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  • Dear Lord and Father: Songs Against Songs November 29, 2010

    Author: Beach Combing | in : Contemporary, Modern , trackback

    Music is strangely resistant to bizzarism. Certainly, after years of reading Beachcombing has only about five pages of scribbled  notes on music in an exercise book and most of those about rock, pop and other post-war perversions. Did Mozart, Purcell, Bach and the rest never get up to anything peculiar? It does not seem possible and yet their biographers suggest that classical musicians lived generally uninteresting, abstract lives. It is only with the return of the musician as shaman in the twentieth-century – Bill Evans, Frank Zappa and Alice Cooper come to mind – that things heat up.

    But do not despair. Yes, musicians are rather too Apollonian to attract nonsense. However, the listening public is quite capable of introducing their own form of anarchy and never more so than with lyrics.

    It was this listening public, after all, who somehow transformed Bruce Springsteen’s pessimistic, anti-nationalistic Born in the USA into a right-wing anthem – Ronald Reagan wanted to adopt it for the GOP.

    It was the listening public who decided that Woody Guthrie’s socialist This Land is Your Land would work for a property-owning republic: don’t mention the second verse! (A small paper could be written on suppressed verses in songs).

    And it was a rather silly and select listening public in European institutions who determined that the Ode to Joy would serve as the EU’s anthem – Beethoven originally entitled the piece Ode to Liberty but got cold feet, which pretty much sums up ‘ever closer union’, so perhaps the coupling was not that off after all.

    However, Beachcombing’s absolute favourite misuse of lyrics is the wonderful Anglican/Episcopalian standard: Dear Lord and Father of Mankind.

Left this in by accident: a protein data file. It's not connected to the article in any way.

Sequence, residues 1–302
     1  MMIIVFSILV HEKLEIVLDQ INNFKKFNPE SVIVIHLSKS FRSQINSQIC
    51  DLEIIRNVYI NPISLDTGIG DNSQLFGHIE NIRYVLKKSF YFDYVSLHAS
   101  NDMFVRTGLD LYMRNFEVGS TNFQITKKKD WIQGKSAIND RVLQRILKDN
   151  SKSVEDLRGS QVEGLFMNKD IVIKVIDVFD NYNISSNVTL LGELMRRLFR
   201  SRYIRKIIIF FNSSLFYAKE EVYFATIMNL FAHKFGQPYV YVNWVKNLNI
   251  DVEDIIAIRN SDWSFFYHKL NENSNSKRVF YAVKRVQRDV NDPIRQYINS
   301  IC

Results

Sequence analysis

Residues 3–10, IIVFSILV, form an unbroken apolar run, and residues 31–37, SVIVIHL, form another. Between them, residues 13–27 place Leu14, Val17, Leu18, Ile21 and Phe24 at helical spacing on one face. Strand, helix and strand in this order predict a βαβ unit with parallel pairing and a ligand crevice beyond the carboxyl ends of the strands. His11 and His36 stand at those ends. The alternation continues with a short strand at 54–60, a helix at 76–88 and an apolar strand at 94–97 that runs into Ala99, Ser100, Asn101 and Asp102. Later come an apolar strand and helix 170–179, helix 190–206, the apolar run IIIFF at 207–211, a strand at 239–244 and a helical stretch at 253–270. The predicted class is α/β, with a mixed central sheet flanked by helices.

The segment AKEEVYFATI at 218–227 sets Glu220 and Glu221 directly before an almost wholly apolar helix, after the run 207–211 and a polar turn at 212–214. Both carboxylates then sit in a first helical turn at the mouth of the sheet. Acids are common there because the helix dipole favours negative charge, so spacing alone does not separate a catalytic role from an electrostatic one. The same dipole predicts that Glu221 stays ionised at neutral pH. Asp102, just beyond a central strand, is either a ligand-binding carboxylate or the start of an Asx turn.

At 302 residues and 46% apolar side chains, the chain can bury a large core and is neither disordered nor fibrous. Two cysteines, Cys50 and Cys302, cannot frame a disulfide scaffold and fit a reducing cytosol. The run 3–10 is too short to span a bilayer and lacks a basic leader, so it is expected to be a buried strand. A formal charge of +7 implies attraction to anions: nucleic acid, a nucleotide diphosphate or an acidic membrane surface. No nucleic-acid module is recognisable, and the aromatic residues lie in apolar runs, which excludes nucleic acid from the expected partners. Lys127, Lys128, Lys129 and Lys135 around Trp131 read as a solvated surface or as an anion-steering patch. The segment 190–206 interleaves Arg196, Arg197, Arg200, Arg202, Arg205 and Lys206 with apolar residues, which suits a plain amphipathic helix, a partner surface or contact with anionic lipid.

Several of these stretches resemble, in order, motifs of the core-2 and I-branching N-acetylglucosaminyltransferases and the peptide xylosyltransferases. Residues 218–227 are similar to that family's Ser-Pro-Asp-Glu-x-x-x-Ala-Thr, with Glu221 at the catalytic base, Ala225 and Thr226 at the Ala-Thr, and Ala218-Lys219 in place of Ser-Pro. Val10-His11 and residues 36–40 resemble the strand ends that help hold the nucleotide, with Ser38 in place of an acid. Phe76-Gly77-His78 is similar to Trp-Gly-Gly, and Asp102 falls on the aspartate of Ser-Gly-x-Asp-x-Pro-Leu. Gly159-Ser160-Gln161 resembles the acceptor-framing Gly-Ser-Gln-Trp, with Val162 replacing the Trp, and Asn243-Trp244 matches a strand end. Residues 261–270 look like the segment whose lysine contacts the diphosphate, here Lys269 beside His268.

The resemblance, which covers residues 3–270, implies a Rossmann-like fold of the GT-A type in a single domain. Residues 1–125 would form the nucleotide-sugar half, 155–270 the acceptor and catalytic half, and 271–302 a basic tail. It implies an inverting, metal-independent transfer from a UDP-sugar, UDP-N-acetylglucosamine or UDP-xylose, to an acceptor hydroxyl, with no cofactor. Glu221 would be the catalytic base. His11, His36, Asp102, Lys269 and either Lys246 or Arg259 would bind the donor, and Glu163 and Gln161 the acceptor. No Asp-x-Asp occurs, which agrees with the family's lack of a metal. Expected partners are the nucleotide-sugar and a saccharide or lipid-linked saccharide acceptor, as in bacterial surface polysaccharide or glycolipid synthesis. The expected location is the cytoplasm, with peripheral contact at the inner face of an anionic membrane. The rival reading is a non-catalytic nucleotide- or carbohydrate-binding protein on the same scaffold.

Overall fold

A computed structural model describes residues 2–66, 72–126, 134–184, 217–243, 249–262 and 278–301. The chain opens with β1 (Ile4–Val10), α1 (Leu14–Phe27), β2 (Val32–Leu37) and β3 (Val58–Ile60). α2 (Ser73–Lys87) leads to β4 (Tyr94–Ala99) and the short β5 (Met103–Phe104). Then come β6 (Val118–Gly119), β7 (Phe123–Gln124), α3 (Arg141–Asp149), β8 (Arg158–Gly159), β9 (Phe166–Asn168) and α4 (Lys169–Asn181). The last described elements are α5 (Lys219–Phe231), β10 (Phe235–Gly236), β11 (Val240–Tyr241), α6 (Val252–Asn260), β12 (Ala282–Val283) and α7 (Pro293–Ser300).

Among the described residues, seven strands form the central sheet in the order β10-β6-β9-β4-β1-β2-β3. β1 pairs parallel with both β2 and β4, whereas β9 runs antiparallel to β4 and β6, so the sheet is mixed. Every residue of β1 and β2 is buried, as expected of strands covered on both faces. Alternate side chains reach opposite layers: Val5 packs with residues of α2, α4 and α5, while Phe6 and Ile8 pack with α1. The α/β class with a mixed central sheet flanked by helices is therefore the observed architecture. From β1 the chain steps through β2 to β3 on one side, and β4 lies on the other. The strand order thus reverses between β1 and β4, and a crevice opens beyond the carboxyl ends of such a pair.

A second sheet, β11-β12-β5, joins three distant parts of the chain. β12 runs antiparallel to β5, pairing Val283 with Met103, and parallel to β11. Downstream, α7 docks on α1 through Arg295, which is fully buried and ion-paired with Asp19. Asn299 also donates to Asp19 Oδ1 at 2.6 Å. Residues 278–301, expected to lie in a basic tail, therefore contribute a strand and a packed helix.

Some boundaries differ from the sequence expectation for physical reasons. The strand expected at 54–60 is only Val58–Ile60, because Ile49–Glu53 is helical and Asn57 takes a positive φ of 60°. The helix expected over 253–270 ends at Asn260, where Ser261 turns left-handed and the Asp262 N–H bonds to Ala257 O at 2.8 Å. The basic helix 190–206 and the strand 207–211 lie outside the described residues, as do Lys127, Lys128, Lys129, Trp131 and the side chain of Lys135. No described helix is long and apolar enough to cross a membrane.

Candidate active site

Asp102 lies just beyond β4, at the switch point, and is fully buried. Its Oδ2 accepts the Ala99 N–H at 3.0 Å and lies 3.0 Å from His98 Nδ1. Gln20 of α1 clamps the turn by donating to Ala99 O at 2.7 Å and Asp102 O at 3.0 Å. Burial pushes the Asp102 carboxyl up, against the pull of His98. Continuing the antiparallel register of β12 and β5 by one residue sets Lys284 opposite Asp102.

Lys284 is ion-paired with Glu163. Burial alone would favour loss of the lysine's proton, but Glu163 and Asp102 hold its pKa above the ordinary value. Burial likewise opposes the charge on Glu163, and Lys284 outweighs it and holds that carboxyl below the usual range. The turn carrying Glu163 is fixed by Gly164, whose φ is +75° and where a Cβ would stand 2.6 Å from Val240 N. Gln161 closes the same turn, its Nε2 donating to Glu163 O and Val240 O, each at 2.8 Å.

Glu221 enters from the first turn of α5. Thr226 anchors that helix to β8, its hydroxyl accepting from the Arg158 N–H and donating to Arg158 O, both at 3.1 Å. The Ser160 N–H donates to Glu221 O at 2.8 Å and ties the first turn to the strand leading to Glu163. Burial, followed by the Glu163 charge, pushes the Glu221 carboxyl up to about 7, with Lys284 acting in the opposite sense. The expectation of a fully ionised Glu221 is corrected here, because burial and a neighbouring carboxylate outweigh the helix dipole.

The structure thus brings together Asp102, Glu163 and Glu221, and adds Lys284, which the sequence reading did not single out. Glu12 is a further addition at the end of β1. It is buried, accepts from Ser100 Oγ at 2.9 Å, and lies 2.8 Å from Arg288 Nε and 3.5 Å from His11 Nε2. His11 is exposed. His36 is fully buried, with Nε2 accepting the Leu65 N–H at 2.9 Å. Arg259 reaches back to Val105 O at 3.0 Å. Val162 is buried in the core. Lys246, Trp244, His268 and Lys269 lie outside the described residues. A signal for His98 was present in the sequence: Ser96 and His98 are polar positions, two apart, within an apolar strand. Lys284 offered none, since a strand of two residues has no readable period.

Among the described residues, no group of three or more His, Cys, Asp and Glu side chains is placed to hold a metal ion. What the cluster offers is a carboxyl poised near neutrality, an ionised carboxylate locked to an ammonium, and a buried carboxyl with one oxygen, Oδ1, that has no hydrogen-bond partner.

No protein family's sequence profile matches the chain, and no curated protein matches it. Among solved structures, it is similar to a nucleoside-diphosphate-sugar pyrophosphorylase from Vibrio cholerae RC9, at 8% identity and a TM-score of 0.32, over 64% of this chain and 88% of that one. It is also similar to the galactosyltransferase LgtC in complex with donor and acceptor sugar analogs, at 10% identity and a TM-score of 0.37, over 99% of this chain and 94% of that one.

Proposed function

To Beachcombing the sound of those first bars of Repton and its extraordinarily moving last verse (‘Breathe through…’), conjures up the Anglican Church kind-of-militant.

    Well-intentioned men in purple walking down church aisles, Sunday scone teas and earnest conversations about Africa and what Paul really meant…

    It was created though far from that comfortable world of Catholics pretending to be Protestants.

    Beachcombing has done some ‘bolding’ to try and get at the spirit in which it was written.

    Dear Lord and Father of mankind,

    Forgive our foolish ways!

    Reclothe us in our rightful mind,

    In purer lives Thy service find,

    In deeper reverence, praise.

    In simple trust like theirs who heard

    Beside the Syrian sea

    The gracious calling of the Lord,

    Let us, like them, without a word

    Rise up and follow Thee.

    O Sabbath rest by Galilee!

    O calm of hills above,

    Where Jesus knelt to share with Thee

    The silence of eternity

    Interpreted by love!

    With that deep hush subduing all

    Our words and works that drown

    The tender whisper of Thy call,

    As noiseless let Thy blessing fall

    As fell Thy manna down.

    Drop Thy still dews of quietness,

    Till all our strivings cease;

    Take from our souls the strain and stress,

    And let our ordered lives confess

    The beauty of Thy peace.

    Breathe through the heats of our desire

    Thy coolness and Thy balm;

    Let sense be dumb, let flesh retire;

    Speak through the earthquake, wind, and fire,

    O still, small voice of calm!

    The words here were taken from a poem the Brewing of Soma written by a Quaker, J.G. Whittier (obit 1892), a poem that was first published in 1872.

    Now soma is an ancient Indian drink that was almost certainly hallucinogenic and that was used in religious ceremonies. Still today scholars are unsure as to its ingredients, though fly agaric is often mentioned.

    Not that Whittier – a famous abolitionist in his day – was writing on drugs in any straightforward sense. Rather he was using ‘soma’ to turn his evangelist peers away from emotional and particularly music-based religious frenzy. Whittier naturally preferred the quiet reflection of the Society of Friends.

    And yet the past comes round again,

    And new doth old fulfil;

    In sensual transports wild as vain

    We brew in many a Christian fane

    The heathen Soma still!

    The irony is, of course, that the final six verses of Brewing were taken up in the 1920s and set to a late nineteenth-century Anglican tune: today Dear Lord and Father is arguably the most popular ‘battle’ song in Anglican and Episcopalian congregations.

    Whittier’s beautiful lines were transformed from a warning against music to just the kind of emotional note-based drug that Whittier had been attacking. Beachcombing hopes that Whittier’s shade has a sense of humour.

    Can anyone help Beachcombing with his music deficit? drbeachcombing AT yahoo DOT com

    14 Mar 2015: An old friend of the blog, Ray G writes in: ‘Not in the same vein, but an example of musical repurposing: Marti Webb did a cover of the Michael Jackson song “Ben” in 1985 as a tribute to a child liver transplant recipient, Ben Hardwick. I recall it being virtually a crime to mention what always was known among movie buffs: that the song was from a horror film, and originally in praise of a killer rat.’ Thanks Ray!